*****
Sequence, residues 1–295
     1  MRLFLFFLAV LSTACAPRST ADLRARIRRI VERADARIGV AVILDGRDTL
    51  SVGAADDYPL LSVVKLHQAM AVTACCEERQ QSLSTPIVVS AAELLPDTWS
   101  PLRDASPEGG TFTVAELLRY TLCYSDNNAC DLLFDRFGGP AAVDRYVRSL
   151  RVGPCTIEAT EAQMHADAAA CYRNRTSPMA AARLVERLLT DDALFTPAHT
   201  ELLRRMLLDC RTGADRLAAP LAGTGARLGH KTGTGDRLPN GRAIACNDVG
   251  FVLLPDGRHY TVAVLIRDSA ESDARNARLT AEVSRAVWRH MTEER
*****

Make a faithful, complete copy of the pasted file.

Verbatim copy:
Sequence, residues 1–295
     1  MRLFLFFLAV LSTACAPRST ADLRARIRRI VERADARIGV AVILDGRDTL
    51  SVGAADDYPL LSVVKLHQAM AVTACCEERQ QSLSTPIVVS AAELLPDTWS
   101  PLRDASPEGG TFTVAELLRY TLCYSDNNAC DLLFDRFGGP AAVDRYVRSL
   151  RVGPCTIEAT EAQMHADAAA CYRNRTSPMA AARLVERLLT DDALFTPAHT
   201  ELLRRMLLDC RTGADRLAAP LAGTGARLGH KTGTGDRLPN GRAIACNDVG
   251  FVLLPDGRHY TVAVLIRDSA ESDARNARLT AEVSRAVWRH MTEER